A jubilee headache for small firms? TOM WATKINS.
Following the announcement that the late May Bank Holiday will be moved to June 4 and that there will be an additional public holiday to celebrate the Queen's Diamond Jubilee on June 5, the large majority of full time employees will only work a three day week, or, as with the royal wedding last year, will want to take the rest of that week off work.
Last year, the additional public holiday to mark the royal wedding caused a headache for some employers, particularly given that Unite decided to name and shame employers who either treated the day as any other Friday and did not pay bank holiday rates to those staff who did work, or did not give them a day off in lieu.
So, are your employees entitled to an additional day's paid holiday on June 5 to mark the Queen's Diamond Jubilee? As there is still no statutory right to time off (paid or otherwise) on any public holiday, not everyone is entitled to a paid day's leave for a special occasion public holiday such as the Diamond Jubilee.
Whether an employee can be required to work on a public holiday or not depends on the terms of their employment contract. Where an employment contract says employees are entitled to "five weeks' holiday plus bank and public holidays" then they are likely to be entitled to the Diamond Jubilee holiday in addition to the usual eight public holidays.
However, where a contract simply says employees are entitled to 28 days' holiday each year including public holidays, there will be no such contractual entitlement. If you have this holiday clause you may decide to close down on the Diamond Jubilee holiday but you can require employees to take the day out of their existing entitlement as long as the relevant notice is given.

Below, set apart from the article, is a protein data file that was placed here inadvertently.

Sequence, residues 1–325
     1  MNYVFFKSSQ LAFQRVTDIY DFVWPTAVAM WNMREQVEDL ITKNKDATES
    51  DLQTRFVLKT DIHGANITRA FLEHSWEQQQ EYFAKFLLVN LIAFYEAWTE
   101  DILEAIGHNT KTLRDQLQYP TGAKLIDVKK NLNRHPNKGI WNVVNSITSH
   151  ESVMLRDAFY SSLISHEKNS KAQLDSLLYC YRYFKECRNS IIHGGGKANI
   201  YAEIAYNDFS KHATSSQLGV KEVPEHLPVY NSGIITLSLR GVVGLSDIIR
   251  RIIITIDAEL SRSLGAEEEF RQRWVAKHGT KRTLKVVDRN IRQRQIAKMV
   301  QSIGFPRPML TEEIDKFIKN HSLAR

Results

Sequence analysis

In many industries or occupations (such as retail, travel or emergency services) working on public holidays is a commercial or operational necessity. Public holidays are normally treated as any other day, so employees have to request the day as holiday in line with your policy in the normal way.
Where there is no such entitlement or necessity, many employers will decide to grant an additional day's paid leave to employees on this date.
Where employees do take leave on public holidays, this is likely to count against their statutory leave entitlement under the Working Time Regulations 1998 (WTR), depending on what the contract says.
For more information about the rights that part timers have and how to deal with holiday requests for the remainder of that week, contact the employment team at Dickinson Dees for some advice.
Tom Watkins is a director in the employment team at the region's biggest law firm, Dickinson Dees.
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|Publication:||The Journal (Newcastle, England)|
|Date:||May 29, 2012|
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